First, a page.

• Your referral form (if you have it)
  • All previous relevant scans or x-rays
  • Medicare and healthcare cards (e.g. DVA card or concession card)
  • List of all medications

What happens during the procedure?

You will be asked to complete some forms. A clinical staff member will explain the benefits, risks, and recovery expectations of your procedure; you will have time to ask questions. If you agree to the procedure, you will be asked to sign a consent form. You will then be asked to change into a gown.

You may be given some sedation before and during the procedure if needed.

A preliminary CT scan is carried out to plan the best way to perform your biopsy. A CT radiographer will be present during the preliminary scanning, and the radiologist may also be present. Once the plan is decided, the nurse or radiologist will clean the surface of the skin where the needle will be inserted using an antiseptic solution, and a sterile drape will be applied to the area to reduce the risk of infection. The radiologist and nurse will dress themselves in sterile gloves and possibly, a gown.

The biopsy is usually carried out with you holding your breath from time to time, under the radiologist’s instruction. You may hear a clicking noise when the samples are taken. It is common for two to three samples to be collected. After sufficient tissue samples are obtained, firm pressure is applied with a gauze bandage to the entry site on the skin where the biopsy needle was inserted. You will then be taken to a recovery room, where you will be monitored by our nurses until you are fully recovered.

Are there any after effects from the treatment?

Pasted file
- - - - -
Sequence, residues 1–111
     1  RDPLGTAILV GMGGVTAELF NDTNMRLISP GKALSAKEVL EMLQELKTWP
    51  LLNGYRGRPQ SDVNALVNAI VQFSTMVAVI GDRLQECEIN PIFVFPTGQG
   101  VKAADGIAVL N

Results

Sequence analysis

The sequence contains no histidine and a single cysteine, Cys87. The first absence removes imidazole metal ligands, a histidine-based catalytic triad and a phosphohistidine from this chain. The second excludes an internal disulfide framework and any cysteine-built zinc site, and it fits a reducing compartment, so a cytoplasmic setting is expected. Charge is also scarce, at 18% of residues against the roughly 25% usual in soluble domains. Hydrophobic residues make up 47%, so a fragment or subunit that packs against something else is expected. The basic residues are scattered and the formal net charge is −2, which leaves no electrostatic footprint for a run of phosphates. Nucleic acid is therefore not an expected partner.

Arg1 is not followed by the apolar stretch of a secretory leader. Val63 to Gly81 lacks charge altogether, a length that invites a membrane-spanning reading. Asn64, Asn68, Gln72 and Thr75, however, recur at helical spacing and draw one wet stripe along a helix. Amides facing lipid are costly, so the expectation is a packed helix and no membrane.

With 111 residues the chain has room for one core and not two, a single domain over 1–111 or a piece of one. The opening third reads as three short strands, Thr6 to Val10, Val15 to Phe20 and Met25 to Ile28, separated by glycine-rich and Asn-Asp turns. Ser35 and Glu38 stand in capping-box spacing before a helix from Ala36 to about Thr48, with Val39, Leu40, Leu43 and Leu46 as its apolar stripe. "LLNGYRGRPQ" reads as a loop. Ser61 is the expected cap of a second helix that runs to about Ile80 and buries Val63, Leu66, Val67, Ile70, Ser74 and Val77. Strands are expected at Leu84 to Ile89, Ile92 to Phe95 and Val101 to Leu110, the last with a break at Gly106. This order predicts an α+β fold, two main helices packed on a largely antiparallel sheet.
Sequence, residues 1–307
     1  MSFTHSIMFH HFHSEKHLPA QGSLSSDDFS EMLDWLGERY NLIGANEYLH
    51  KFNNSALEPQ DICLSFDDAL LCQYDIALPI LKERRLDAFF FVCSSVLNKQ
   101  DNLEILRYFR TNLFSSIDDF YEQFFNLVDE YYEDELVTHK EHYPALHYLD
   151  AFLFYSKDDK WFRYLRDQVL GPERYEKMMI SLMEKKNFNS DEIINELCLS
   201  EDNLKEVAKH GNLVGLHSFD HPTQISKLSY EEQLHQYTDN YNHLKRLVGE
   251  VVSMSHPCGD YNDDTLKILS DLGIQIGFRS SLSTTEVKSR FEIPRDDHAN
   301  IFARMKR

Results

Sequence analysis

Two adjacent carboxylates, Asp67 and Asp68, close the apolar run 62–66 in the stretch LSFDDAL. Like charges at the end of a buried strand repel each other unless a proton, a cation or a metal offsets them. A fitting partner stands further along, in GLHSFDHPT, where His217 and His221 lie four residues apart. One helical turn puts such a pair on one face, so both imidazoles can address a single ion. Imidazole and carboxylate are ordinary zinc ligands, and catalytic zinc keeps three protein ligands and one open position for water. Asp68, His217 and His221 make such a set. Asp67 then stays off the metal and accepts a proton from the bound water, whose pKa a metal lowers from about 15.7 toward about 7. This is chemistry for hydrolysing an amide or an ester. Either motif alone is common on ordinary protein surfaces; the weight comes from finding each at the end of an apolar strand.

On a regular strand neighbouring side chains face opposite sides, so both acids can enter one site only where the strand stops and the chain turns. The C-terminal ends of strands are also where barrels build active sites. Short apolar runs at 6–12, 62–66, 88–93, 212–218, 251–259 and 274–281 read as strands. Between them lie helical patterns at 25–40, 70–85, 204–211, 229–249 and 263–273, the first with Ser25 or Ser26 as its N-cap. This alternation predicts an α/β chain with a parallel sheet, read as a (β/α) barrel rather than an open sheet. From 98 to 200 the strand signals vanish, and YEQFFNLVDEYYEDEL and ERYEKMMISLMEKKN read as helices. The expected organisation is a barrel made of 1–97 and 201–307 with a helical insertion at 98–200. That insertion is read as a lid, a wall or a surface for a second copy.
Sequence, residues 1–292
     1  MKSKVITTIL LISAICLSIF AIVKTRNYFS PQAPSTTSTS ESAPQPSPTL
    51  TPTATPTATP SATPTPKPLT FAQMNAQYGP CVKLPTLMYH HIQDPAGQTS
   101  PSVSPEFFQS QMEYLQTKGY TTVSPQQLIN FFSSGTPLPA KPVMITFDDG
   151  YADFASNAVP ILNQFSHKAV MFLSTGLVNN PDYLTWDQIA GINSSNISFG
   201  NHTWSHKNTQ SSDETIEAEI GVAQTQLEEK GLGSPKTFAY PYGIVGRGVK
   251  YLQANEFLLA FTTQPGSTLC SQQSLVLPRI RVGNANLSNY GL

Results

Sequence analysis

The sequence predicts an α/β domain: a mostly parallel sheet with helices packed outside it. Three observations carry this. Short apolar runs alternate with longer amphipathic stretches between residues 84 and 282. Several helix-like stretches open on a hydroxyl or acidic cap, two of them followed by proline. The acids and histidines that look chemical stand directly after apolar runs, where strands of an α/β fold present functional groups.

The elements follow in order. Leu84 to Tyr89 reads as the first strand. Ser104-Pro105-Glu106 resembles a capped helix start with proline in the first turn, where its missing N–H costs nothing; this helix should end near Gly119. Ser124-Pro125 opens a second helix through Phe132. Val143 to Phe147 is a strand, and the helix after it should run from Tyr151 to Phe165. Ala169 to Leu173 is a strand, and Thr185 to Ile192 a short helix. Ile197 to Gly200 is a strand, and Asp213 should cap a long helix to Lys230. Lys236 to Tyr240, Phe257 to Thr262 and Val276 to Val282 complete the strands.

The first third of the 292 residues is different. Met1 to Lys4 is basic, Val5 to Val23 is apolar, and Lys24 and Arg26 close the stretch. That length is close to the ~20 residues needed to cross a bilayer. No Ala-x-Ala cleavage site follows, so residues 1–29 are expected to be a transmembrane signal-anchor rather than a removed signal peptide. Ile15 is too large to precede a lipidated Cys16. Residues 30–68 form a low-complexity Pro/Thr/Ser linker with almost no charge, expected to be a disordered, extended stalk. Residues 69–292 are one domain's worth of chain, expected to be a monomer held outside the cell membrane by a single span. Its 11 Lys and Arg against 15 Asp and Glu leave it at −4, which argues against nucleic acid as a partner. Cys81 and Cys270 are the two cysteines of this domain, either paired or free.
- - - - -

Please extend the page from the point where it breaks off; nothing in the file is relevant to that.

There may be some bruising in the area that has been biopsied, and it may feel a bit tender for several days. You may also experience left-sided neck or shoulder pain which is referred pain from the lung.

What happens after the procedure?

Our nurse will observe you for up to 4 hours during which time you will rest. Your blood pressure, pulse rate, oxygen levels and breathing will be monitored. You may also have a chest X-ray before you are discharged.

Our staff will provide you with clear written instructions on ways to look after yourself following the biopsy. This includes information such as avoiding strenuous activity for a few days, arranging a follow-up appointment with your referring doctor and how to look after the biopsy site.

What are the benefits?

If there is an area of concern in your lung, biopsy samples of this area are taken for examination by a pathologist. A CT-guided biopsy is a method of gaining accurate information without the need for an operation to surgically remove the tissue for testing.

Are there any risks?

In referring you for this procedure, your doctor believes that the benefits of this procedure for you are greater than the risks.